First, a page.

How we rate: our writers tend to review music they like within their preferred genres.
Figurations is the final release in Miles Okazaki's three volume compositional cycle. Its trajectory is based on forward-thinking ideas Okazaki began on his self-produced 2006 debut Mirror, and continued on the nearly sixty-minute Generations (Sunnyside, 2009), which was recorded in the studio in one take. While no less demanding, this recording was commissioned and performed in front of a live and appreciative audience at New York's Jazz Gallery.
Methodical yet emotive, there are manifold ideas and theories swirling in Okazaki's head that include mathematics, science, compositional theories, and improvisation in the vein of Steve Coleman
, on arco bass, are each musically endowed and quite up to the challenge.
These adrenaline-charged compositions are consummate exhibitions of form and freedom, encapsulating exacting synchronicity and angular solos in "Dozens" and exoticism in "Wheel" (Okazaki describes this piece in the liner notes as "a rhythmic tiling canon in three octaves, with three voices, with a secondary canon layered on top"). Intellectual definition notwithstanding, the performance results in music that is exhilarating and passionate, with Okazaki and Zenón darting and hovering like hummingbirds seeking nectar.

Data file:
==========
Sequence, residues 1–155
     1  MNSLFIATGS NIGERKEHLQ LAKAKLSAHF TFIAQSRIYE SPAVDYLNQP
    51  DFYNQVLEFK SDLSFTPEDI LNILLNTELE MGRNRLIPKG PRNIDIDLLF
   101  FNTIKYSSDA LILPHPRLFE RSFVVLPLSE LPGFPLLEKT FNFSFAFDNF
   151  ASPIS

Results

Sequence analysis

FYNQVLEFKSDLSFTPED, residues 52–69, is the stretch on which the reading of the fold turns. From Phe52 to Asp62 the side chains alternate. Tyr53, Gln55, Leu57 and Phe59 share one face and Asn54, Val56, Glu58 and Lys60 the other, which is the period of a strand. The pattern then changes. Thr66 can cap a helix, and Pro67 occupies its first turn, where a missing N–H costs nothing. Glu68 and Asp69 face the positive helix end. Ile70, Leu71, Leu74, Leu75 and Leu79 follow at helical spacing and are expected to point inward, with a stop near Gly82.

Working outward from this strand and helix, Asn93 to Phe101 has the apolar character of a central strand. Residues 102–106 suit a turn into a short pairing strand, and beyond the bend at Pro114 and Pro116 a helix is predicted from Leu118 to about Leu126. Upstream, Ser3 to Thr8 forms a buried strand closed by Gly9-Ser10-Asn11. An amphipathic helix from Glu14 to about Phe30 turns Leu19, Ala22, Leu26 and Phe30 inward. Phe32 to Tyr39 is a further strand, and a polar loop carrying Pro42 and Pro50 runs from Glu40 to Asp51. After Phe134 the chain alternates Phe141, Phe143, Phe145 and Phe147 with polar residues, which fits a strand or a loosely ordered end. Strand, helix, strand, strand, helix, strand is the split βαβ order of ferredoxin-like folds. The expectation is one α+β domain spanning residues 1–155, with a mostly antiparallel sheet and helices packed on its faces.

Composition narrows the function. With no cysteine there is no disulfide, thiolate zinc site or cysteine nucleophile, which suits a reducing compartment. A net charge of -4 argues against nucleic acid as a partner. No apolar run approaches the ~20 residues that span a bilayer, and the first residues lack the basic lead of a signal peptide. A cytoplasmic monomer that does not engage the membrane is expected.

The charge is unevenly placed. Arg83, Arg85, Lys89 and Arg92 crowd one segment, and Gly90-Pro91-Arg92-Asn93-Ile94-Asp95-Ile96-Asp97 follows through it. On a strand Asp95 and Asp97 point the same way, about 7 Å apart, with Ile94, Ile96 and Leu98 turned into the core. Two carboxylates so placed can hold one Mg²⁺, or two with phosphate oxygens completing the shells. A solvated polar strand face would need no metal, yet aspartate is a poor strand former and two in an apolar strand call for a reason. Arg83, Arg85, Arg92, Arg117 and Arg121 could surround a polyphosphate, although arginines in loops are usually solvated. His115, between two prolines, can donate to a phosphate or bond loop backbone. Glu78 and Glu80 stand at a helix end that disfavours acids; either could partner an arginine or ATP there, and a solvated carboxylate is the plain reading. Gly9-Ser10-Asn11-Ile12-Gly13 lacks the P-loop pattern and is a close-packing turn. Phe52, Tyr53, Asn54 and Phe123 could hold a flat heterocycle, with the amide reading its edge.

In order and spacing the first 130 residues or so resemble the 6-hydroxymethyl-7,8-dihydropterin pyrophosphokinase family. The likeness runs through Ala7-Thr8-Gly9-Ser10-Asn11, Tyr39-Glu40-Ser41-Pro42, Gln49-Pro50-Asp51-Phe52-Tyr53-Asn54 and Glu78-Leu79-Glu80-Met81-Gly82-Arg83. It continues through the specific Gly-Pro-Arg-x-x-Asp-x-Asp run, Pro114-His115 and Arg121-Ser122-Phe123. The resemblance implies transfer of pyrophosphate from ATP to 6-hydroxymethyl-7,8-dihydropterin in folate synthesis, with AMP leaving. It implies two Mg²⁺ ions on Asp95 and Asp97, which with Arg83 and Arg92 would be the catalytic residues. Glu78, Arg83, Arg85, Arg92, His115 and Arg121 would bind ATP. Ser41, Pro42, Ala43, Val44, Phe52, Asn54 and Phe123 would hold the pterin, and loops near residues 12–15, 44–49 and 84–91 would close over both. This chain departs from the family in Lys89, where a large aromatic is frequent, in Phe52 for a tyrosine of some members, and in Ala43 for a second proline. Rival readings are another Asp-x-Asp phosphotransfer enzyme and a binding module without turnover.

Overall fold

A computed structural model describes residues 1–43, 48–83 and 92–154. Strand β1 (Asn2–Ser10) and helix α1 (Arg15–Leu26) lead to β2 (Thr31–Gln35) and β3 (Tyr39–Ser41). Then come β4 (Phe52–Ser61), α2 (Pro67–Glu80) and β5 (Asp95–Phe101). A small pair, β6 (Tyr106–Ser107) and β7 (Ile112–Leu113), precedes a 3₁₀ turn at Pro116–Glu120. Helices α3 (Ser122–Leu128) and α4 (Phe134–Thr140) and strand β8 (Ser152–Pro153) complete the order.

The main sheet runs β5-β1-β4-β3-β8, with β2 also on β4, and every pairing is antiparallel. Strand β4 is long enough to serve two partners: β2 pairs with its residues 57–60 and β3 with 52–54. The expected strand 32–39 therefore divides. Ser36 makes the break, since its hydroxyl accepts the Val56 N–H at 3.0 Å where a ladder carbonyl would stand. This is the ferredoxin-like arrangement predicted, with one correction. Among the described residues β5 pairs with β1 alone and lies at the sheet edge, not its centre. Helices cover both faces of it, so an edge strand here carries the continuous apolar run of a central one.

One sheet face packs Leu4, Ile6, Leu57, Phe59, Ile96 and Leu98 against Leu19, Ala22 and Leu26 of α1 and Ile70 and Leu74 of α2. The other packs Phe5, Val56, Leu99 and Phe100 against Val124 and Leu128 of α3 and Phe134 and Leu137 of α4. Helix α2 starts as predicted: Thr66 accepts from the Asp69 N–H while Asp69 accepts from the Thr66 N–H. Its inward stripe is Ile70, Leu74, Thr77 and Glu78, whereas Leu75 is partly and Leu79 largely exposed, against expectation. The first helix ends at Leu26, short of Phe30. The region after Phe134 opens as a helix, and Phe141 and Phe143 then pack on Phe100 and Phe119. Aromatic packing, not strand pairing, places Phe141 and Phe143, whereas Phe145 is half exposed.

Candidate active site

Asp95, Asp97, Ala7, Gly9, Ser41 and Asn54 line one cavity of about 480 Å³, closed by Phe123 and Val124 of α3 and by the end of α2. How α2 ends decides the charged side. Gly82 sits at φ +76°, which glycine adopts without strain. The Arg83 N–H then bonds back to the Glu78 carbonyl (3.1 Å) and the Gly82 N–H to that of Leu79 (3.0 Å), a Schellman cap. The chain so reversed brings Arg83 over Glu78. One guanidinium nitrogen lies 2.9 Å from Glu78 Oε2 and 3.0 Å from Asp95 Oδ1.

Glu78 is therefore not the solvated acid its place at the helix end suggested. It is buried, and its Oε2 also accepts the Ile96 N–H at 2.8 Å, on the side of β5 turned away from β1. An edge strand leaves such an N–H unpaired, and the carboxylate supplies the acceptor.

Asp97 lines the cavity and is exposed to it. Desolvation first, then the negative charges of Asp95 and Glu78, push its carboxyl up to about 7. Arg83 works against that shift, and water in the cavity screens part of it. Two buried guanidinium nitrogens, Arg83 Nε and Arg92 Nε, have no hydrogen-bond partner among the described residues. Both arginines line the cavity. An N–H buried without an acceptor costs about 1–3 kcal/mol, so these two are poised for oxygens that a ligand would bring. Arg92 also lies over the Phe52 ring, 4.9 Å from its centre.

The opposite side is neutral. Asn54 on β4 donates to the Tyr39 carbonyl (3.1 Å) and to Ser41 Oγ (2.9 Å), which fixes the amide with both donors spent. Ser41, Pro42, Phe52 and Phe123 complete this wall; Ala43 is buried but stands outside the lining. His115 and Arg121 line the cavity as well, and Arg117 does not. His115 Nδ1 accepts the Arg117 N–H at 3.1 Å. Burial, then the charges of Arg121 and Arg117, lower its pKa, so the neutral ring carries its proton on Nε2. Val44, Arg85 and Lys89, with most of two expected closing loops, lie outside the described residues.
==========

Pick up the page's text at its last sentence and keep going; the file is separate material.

Other notable moments include Morgan's inquisitive solo in the intro to the title track, before getting to the composition's core. When it does arrive, the two lead voices declare seething solos propelled by Weiss' precise yet creative drumming. Weiss continues to stand out on "Mandala," an exploration of the Fibonacci rhythmic growth processes. Figurations is most fascinating, but better still, it requires no understanding of the intellectual concepts to be fully appreciated. The band translates Okazaki's brilliant ideas into music that is not only thought-provoking, but more importantly, captivating and moving.